Concrete Is the Best Approach to Creating Rainwater Harvesting Systems
Rainwater harvesting systems are nothing new; for centuries mankind has been using rainwater for his own purposes. Some of the techniques have changed, but the basic concept is still very easy: accumulate the rainwater and store it and filter it for future use. Rainwater is commonly used as free drinking water (not subject to tax!), irrigation purposes, toilet water, laundry water, gardening water and car washing water. For a variety of reasons, rainwater might be the only type of water available.
Rainwater is not only collected from the sky, but also from rooftops, tents, and even areas of the ground. Did you know that rooftop rain water doesn’t even require that much filtering for everyday non-drinking purposes?
Many people choose to create rainwater systems out of cheap and plentiful materials. The rate at which water can be accumulated depends on the plan area of the harvesting system, as well as the efficiency of it. Naturally, the rate of rainfall also plays an important part in determining this “rain profit.” Commercial harvesting systems obviously bring in the most rainwater while also reducing the demands on the mains network. These systems can also help to reduce floodwater damage.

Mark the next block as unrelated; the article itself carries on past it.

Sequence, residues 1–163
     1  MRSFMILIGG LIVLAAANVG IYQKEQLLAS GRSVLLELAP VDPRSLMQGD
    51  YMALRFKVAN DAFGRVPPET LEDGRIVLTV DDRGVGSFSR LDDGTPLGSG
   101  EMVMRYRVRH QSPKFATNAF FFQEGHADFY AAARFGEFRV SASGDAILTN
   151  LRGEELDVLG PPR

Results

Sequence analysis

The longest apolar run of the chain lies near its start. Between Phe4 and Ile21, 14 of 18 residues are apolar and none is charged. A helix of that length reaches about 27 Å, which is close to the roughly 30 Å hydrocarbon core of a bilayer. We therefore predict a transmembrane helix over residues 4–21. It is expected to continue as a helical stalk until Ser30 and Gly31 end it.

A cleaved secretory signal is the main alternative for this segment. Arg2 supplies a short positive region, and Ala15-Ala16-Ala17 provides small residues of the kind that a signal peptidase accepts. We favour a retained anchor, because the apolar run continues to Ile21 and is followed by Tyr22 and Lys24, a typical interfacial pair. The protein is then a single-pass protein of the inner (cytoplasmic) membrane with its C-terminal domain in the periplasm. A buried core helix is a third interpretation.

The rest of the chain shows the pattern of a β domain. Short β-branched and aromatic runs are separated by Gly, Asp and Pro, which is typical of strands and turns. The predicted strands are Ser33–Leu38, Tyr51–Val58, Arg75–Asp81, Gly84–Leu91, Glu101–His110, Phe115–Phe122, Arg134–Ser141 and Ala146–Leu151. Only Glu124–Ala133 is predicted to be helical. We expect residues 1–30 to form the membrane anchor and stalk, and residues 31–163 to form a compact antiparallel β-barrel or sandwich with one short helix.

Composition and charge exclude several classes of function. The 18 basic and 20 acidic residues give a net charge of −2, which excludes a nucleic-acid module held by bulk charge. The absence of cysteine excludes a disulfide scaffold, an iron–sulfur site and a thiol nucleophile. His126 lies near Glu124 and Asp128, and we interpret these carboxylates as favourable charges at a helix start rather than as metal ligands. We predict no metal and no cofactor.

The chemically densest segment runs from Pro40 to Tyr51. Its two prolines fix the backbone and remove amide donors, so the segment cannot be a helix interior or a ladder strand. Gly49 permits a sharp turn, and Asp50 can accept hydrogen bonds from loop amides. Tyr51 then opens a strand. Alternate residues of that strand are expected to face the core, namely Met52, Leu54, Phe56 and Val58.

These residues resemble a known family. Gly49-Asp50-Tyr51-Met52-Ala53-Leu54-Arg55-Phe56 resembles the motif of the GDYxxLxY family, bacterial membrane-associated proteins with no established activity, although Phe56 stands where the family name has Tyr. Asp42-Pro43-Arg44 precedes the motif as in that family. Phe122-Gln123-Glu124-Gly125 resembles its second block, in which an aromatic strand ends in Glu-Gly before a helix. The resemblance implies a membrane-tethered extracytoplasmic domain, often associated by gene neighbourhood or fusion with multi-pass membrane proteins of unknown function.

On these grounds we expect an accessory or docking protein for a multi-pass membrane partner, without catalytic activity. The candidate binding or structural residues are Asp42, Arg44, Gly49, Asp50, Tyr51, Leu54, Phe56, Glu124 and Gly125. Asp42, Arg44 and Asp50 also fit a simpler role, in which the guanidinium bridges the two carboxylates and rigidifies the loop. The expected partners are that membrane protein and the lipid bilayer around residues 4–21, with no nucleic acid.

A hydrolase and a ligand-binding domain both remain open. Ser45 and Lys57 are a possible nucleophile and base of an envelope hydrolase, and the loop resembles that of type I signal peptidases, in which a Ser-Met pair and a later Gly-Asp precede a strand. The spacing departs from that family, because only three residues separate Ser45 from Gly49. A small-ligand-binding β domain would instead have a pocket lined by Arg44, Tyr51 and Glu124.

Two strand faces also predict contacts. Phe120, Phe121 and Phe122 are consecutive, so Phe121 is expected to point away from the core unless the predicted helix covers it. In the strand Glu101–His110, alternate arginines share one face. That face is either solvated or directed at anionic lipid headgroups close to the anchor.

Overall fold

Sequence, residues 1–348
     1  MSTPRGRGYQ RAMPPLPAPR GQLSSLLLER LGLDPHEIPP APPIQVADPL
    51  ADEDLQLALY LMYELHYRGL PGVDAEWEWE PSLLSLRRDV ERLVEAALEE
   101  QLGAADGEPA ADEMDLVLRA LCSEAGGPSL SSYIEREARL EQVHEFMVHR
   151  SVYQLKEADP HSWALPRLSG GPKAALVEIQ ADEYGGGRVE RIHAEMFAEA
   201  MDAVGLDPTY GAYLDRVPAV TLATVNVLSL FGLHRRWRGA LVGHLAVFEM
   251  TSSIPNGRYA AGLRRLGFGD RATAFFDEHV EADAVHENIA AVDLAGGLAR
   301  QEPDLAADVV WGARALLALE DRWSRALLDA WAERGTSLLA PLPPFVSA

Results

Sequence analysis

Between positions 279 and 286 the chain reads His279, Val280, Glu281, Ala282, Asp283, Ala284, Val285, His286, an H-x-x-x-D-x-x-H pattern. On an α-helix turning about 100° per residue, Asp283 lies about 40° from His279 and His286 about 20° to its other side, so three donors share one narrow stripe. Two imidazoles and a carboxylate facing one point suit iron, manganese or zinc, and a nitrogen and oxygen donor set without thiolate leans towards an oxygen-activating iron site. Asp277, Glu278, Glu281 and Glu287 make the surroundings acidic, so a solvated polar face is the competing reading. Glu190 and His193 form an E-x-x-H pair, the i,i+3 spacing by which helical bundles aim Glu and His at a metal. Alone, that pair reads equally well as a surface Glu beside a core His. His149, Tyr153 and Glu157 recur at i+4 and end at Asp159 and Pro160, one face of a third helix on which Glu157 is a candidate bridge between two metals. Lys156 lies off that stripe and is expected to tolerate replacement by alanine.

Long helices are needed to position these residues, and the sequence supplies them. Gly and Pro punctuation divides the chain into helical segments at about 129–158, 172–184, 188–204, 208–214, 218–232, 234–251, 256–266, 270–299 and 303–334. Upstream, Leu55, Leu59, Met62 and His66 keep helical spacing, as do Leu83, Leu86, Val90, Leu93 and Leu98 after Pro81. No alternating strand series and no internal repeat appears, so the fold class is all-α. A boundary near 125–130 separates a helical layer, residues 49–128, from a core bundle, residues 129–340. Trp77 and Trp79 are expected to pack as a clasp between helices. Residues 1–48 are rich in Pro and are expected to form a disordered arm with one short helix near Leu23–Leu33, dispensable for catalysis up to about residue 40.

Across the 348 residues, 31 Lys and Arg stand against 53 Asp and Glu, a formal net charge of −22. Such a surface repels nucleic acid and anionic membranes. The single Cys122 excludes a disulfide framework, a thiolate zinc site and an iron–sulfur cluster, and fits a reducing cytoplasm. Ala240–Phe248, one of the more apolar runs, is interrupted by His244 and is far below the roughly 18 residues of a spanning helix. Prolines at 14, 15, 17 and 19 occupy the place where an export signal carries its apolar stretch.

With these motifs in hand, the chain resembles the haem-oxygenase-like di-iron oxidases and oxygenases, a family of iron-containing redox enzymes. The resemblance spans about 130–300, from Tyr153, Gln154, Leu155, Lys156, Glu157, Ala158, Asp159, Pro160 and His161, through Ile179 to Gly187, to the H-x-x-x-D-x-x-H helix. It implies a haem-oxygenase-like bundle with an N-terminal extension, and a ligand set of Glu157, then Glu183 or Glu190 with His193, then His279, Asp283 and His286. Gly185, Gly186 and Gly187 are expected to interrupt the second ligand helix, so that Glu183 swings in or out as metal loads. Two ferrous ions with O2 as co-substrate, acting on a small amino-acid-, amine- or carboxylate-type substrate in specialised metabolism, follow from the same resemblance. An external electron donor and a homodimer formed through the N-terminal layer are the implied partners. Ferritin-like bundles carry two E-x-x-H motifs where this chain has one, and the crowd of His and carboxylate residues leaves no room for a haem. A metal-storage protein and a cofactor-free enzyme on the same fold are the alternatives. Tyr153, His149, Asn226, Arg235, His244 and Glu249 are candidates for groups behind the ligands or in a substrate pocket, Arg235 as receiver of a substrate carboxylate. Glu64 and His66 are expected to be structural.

Concrete is one of the best materials to use for harvesting systems. Concrete is highly durable and very strong, and is fully capable of keeping all rainwater contained in a basin. Furthermore, these harvesting systems allow for the conservation of “mains” water supplies and for cost-effective use of a natural resource. Yes, concrete (made of water, aggregate and cement) is one of the most plentiful materials on earth. This makes concrete environmentally friendly.
These systems also offer fast installation, low maintenance and full cooperation with SUDS (Sustainable Urban Drainage Systems) directives. How do people like the actual units used for rain conservation? Most businesses and land owners are completely satisfied, as designs are unobtrusive, and the filtered rainwater tends to be softer than average. All water collected is chlorine free, making it ideal for most water uses.
Some of the best rainwater harvesting systems are insured for upwards of one hundred years. (Speaking of the concrete tank) What are other features to look for? Top up systems are also advantageous, as they allow additional water to be added to the tank directly. The average household can save up to 50 liters a day using these systems. Why not consider rainwater systems today?